You Don’t Need to Tape Staples
Our installation instructions require the use of staples to mount the INTELLO PLUS membrane to the studs. For commercial, dense-pack, and wind loaded locations, we reduce the required staple spacing to 2” with 3/8”crown+leg T50 staples, such as occurs in the test.
But in the test, as on the jobsite, the staples attaching the INTELLO PLUS membrane to the framing were left untaped. Of course after such drastic wind loading with negative and positive pressures, small leakages at staples do occur. Charlotte Abele, 475’s technical and code expert witnessed these very small leakages first hand, however, our air barrier system remains very airtight even after this highest class wind/pressure loading.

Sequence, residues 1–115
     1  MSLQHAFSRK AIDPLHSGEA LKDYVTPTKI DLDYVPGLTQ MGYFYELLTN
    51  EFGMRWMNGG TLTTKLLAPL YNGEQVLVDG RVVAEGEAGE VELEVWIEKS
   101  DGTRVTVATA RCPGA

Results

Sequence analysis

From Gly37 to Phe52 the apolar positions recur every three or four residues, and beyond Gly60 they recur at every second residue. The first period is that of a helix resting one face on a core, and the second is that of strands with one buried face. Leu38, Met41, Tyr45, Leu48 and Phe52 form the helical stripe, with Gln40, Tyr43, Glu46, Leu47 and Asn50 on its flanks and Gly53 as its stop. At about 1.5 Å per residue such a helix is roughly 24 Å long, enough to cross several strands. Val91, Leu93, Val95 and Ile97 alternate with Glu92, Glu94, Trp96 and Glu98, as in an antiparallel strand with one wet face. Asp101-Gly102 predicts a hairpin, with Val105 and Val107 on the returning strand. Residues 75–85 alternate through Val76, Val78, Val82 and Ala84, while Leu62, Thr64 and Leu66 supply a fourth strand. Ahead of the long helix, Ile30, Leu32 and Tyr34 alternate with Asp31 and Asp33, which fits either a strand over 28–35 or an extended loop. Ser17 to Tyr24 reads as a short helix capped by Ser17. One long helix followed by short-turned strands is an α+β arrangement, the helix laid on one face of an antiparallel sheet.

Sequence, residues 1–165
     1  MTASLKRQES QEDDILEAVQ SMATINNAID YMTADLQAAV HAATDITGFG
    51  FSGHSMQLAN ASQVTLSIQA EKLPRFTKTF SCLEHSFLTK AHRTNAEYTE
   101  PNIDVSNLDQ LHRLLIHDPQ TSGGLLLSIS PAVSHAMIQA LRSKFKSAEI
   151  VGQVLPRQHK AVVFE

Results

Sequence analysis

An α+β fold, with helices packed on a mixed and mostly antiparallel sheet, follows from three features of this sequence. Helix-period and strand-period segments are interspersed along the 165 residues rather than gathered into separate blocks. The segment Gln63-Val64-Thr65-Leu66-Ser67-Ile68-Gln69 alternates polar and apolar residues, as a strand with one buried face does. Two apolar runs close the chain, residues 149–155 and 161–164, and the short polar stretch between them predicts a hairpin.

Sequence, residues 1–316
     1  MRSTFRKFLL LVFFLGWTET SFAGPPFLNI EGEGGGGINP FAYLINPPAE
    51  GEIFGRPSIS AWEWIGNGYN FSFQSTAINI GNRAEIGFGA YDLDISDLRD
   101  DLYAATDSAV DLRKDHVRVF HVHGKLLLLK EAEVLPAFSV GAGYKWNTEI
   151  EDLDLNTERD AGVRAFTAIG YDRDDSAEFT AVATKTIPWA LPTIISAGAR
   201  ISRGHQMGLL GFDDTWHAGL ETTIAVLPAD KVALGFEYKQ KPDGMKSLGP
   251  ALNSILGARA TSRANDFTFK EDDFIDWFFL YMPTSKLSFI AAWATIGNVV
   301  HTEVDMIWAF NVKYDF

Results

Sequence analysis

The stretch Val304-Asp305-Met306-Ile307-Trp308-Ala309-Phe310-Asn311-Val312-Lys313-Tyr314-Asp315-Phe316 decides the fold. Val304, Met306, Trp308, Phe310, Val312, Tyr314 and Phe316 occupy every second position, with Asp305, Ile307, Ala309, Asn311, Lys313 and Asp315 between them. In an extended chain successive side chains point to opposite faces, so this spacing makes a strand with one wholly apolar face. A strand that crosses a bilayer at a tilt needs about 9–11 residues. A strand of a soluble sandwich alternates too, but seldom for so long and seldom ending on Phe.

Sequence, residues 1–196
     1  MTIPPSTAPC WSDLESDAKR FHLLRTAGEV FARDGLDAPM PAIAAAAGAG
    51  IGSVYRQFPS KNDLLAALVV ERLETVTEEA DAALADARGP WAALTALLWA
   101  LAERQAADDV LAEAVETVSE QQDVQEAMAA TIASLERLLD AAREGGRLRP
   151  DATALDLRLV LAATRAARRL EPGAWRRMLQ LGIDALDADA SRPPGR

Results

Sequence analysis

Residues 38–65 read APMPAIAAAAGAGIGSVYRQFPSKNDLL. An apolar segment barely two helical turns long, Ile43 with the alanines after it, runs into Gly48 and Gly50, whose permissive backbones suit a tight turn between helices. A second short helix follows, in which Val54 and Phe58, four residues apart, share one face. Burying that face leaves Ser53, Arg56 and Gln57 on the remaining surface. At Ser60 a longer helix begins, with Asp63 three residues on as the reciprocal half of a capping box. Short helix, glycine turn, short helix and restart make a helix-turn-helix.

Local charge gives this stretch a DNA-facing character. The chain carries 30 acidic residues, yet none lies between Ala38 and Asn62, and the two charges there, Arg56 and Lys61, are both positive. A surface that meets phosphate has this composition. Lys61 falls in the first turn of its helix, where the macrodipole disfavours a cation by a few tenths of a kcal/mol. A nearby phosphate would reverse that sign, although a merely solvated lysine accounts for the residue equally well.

As we tested at such high pressures in ASTM E2357, we have now also proven in the lab that, taping of staples is not necessary to achieve excellent results. Yes, you can tape the staples, but their impact only becomes noticeable below approximately 0.25ACH50 or 0.02CFM/SF75 and is related compactness and building size. The smaller the building, the more effect taping staples will have.
Additionally, we tested INTELLO at the highest level of windloading (P3 up to 1200Pa and deflection to 1440Pa) to show its durability, even without sheathing. This assures builders they can finish an interior INTELLO air barrier before the exterior is buttoned up without worries of wind pressures negatively affecting the interior airbarrier system...
0.0493 L/s.m2 at 75Pa for the penetrated wall after wind loading - 4x tighter than the code requirement of 0.2 L/s.m2 @75 Pa.Even though we won’t call the code requirement particularly airtight as 0.2L/s*m2 @75Pa is a 1” (2.5mm) diameter hole in ~100 SF (9m2) of tested airbarrier assembly, which horrifies us and most serious high performance builders and contractors.